The British Medical Association and the General Medical Council have already made it abundantly clear that they want no part in voluntary euthanasia becoming a clinical practice. Now the estimable Royal College of Physicians, the professional body representing over 20,000 physicians that “aims to improve the quality of patient care by continually raising medical standards”, has weighed in with a strongly worded letter to the DPP.
“We would go so far as to say”, writes the College’s Registrar, Dr Rodney Burnham, “that any clinician who has been part, in any way, of assisting a suicide death should be subject to prosecution.” Dr Burnham continues: “The trust afforded doctors and nurses in particular gives their views considerable weight with their patients and the public. Clinicians’ duties of care entail active pursuit of alternative solutions to assisted suicide, not its facilitation.”
The College is also critical of the proposals in the DPP’s interim prosecution guidelines that a more lenient view should be taken of assistance with suicide given to people who are seriously ill or severely disabled. “It is counter to any principle of justice in healthcare,” says the College’s five-page letter with admirable candour, “that perspectives on the moral or legal ‘rightness’ of an action depend on the type of a disease.” The proposal was “inherently discriminatory”.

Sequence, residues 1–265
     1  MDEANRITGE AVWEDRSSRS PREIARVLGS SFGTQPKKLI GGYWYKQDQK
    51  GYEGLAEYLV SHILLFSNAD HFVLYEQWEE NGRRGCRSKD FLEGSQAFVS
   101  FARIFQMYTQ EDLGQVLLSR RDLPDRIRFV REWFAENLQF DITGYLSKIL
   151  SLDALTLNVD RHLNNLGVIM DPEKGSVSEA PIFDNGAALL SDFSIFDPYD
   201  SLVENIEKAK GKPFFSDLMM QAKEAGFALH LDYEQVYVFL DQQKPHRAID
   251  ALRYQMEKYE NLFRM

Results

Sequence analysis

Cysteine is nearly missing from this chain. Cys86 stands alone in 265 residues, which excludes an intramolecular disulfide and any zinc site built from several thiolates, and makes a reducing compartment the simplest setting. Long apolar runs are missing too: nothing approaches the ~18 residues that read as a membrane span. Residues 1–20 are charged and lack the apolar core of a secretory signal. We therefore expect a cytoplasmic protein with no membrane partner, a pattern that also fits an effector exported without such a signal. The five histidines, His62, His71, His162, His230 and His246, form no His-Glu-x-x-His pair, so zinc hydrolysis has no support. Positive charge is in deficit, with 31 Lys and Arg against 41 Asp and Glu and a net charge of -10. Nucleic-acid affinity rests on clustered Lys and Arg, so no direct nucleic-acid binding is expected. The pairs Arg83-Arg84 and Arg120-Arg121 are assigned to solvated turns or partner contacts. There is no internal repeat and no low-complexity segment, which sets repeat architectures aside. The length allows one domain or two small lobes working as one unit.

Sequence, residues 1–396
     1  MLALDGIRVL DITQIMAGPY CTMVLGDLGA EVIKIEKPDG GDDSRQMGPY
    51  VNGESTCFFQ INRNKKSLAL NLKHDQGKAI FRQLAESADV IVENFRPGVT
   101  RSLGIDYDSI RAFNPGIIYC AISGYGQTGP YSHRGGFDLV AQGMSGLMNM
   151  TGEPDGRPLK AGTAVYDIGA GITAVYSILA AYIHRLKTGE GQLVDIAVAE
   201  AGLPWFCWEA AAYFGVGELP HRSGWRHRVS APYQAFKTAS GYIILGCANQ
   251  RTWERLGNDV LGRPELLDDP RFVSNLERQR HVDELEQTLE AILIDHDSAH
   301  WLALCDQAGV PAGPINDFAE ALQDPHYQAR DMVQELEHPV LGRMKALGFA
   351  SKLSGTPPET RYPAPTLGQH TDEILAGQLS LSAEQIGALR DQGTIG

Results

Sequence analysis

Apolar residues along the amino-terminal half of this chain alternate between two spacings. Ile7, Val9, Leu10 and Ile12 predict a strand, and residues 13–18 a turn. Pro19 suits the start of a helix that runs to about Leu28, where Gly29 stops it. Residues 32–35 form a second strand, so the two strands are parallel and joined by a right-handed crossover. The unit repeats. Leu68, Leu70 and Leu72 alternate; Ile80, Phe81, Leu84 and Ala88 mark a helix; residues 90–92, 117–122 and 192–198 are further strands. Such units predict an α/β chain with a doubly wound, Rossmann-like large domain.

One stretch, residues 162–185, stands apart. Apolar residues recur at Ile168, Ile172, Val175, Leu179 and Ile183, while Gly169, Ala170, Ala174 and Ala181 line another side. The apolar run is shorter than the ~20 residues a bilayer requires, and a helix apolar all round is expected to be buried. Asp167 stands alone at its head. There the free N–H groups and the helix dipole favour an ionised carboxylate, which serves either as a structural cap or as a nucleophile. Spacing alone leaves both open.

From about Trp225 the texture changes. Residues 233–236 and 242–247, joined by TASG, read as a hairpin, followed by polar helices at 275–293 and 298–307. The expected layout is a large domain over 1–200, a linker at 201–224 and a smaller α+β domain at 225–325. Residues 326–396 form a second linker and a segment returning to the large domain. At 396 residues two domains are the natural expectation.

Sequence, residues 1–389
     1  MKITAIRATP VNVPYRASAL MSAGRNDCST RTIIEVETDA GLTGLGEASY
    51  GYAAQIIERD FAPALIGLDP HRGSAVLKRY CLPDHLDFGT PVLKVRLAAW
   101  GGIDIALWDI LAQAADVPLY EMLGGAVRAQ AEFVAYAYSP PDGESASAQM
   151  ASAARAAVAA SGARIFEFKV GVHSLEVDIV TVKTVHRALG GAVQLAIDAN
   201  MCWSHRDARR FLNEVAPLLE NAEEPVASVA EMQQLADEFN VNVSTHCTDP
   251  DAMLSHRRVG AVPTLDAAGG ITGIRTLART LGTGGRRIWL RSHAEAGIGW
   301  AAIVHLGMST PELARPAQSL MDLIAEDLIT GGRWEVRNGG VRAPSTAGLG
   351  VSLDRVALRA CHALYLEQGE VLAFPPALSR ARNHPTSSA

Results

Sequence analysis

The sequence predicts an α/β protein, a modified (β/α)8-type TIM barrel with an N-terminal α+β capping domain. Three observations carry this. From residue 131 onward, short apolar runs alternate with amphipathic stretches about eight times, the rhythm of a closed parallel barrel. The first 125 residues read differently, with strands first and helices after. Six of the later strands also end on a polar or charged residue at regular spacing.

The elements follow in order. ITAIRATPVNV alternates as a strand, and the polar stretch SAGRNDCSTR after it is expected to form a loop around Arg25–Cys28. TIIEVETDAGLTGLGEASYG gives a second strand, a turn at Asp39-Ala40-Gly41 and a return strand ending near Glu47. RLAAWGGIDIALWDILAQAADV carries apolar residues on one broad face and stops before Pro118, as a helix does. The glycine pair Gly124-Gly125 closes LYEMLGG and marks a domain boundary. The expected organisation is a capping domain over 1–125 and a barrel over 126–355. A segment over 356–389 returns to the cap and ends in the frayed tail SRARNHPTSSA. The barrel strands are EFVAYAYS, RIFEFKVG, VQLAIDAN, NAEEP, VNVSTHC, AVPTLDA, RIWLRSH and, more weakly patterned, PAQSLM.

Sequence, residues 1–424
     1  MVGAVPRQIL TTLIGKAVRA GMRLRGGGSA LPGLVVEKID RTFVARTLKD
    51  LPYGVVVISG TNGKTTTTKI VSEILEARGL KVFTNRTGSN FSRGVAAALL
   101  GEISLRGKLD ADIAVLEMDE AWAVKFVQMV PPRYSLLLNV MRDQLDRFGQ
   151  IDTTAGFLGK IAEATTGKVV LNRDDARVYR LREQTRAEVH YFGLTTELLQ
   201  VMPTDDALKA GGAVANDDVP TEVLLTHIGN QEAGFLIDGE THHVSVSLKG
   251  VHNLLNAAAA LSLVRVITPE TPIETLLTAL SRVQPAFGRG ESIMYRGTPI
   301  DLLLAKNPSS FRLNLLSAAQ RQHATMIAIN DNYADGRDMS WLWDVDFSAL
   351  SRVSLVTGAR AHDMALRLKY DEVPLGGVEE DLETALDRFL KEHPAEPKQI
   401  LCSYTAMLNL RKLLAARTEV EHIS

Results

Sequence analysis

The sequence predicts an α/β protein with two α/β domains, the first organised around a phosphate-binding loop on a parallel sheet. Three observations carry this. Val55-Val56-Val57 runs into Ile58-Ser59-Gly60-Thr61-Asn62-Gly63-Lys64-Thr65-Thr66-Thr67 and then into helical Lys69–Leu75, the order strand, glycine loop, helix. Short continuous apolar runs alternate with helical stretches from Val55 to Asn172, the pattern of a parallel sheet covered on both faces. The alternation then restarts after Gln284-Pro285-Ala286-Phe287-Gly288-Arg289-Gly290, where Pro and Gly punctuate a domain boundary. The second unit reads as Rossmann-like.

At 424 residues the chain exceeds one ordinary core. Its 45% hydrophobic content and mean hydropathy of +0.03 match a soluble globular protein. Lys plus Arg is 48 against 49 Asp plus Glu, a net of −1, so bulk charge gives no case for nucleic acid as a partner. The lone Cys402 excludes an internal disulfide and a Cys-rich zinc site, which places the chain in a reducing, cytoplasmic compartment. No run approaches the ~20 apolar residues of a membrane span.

In addition to dangers to sick and disabled patients, says the letter, this proposal could also put practising doctors in an impossible position. “It is an inevitability that these guidelines will lead to physicians being expected or coerced into projecting or prognosticating about an individual’s future in order to ensure that assisters with suicide are able to produce a suitable medical opinion post hoc as a defence against law breaking”.
Read it all here.